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Horse The Band - A Natural Death (5/10) - USA - 2007

Genre: Metalcore / Progressive Thrash Metal
Label: Koch (USA)
Playing time: 55:36
Band homepage: Horse The Band

Tracklist:

  1. Hyperborea
  2. Murder
  3. The Startling Secret Of Sapphire
  4. The Beach
  5. Face Of Bear
  6. Crickets
  7. New York City
  8. Sex Raptor
  9. Broken Trail
  10. The Red Tornado
  11. Treasure Train
  12. His Purple Majesty
  13. Kangarooster Meadows
  14. Rotting Horse
  15. I Think We Are Both Suffering From the Same Crushing Metaphysical Crisis
  16. Lif
Horse The Band - A Natural Death

I’d never heard HORSE THE BAND before, though I’d certainly heard of them. Nintendocore, combining nostalgic childhood memories of 8-bit video game soundtracks with frenetic, a bit technical Metalcore. Nobody from "The Metal Observer" has had anything kind to say about them and Wesley in particular seems to have dissected the limited appeal of their reliance on irony and the nostalgia of a still fairly young generation. But let it be known that HORSE THE BAND’s fourth album, “A Natural Death,” sees the group expand beyond its beginnings and try to establish its own identity.

 

For much of the album, the Nintendo elements are played surprisingly close to the breast. Sure, keyboardist Erik Engstrom uses an LSDJ Gameboy cartridge and a Roland Juno-D synthesizer, apparently the same model used for scoring many 8-bit games, but (try to follow me here) the style is much more complimentary to a Metalcore or even Avantgarde group than a video game. There are certainly exceptions—notably “Murder”—but the similarity is generally in the tone instead of the structure. Of course, by distancing itself from their trademark idiosyncrasy, the band is forced to take a stand based on its own compositions.

 

These compositions feature a lot of time changes, twists and turns, never to the extent of a DILLINGER ESCAPE PLAN knockoff, but much more than your average Metalcore group. Vocalist Nathan Winneke spends most of the album screaming and growling his head off, but he’s got some isolated clean parts, which are hit or miss. At times I wish the band would develop their ideas a bit more—parts of “New York City” in particular could have been fleshed out—but they don’t have as great an issue with this ailment as, say, BEHOLD… THE ARCTOPUS. There’s a lot of self-congratulatory, allegedly material stuff here, which hurts, but when the music does get serious the Nintendo-sounding keyboards hurt more often than not (“Murder” is again the great exception to the rule).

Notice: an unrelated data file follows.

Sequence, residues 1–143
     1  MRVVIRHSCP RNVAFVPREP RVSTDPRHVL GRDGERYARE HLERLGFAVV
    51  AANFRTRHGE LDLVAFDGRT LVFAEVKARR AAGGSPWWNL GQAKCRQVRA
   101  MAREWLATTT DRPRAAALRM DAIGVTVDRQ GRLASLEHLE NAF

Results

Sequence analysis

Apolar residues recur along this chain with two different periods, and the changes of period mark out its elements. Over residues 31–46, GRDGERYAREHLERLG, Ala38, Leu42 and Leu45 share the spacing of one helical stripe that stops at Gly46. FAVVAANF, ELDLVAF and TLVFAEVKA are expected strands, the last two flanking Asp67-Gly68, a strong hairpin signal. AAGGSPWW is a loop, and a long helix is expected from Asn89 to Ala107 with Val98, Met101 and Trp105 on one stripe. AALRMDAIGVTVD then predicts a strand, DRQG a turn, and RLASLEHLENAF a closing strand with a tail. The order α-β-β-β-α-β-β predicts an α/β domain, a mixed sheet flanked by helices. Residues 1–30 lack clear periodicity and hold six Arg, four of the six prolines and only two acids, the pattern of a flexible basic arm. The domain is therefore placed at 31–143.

The album also has a lot of inexplicable deadweight. “The Beach” is a minute of a woman crying amid beach sounds and atmospheric keyboards, “Crickets” is cricket chirping amid similar keyboards, and “Sex Raptor,” while a cute idea with its up-tempo, dance sound, outstays its welcome and isn’t as cute as the band seems to think. The static and aimlessly meandering organ of “Broken Trail” doesn’t do anything and “Kangarooster Meadow” is just odd. I like the sunny, summer children’s show theme song feel, but it simultaneously pisses me off for reasons I can’t really put my finger on. Nothing happens in “Rotting Horse” (perhaps appropriately) and all “Lif” does is tie together the deadweight. Out of sixteen tracks, seven just don’t need to be there.

HORSE THE BAND deserves one credit, at least; when I received this album to review, I figured it’d be a quick, eye-rolling bash job. They have overcome this preconception and made me actually want to think about the album. I see a lot of potential here in “Murder,” “New York City,” and “I Think We’re Both Suffering From The Same Crushing Metaphysical Crisis,” but “A Natural Death” is also a self-indulgent album in need of an editor capable of both trimming the fat and reining in the group. I’m curious to see how fans of the old material will react to this release.

(Online December 1, 2007)

Keith Stevens



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